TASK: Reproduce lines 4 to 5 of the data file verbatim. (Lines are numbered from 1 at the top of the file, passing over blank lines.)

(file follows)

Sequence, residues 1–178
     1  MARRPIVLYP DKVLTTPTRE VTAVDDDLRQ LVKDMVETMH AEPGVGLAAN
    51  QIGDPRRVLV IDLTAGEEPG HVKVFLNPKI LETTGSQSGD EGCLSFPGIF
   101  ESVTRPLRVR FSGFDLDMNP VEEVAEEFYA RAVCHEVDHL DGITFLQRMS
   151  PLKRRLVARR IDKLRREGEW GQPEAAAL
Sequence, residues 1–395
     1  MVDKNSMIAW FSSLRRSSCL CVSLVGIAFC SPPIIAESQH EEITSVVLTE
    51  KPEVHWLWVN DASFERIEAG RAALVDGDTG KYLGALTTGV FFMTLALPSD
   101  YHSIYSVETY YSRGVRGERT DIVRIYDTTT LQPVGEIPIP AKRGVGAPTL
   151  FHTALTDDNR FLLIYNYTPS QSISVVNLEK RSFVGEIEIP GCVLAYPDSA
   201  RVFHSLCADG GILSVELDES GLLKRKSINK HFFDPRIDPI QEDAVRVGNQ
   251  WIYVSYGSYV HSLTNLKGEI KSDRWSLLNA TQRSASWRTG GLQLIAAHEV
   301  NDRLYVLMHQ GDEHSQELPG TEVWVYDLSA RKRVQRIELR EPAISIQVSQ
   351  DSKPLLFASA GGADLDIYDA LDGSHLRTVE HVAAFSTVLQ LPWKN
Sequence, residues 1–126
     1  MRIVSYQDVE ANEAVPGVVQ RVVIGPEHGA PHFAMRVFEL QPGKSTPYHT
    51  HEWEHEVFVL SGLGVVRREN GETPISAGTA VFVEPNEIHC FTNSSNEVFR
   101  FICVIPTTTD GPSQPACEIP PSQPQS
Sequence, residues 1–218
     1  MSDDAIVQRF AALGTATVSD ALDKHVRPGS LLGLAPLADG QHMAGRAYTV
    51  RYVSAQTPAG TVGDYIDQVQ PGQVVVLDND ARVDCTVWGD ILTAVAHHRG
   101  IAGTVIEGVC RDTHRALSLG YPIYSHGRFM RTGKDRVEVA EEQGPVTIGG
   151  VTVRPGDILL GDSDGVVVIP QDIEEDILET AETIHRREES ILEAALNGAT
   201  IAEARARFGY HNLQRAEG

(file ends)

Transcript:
   101  ESVTRPLRVR FSGFDLDMNP VEEVAEEFYA RAVCHEVDHL DGITFLQRMS
   151  PLKRRLVARR IDKLRREGEW GQPEAAAL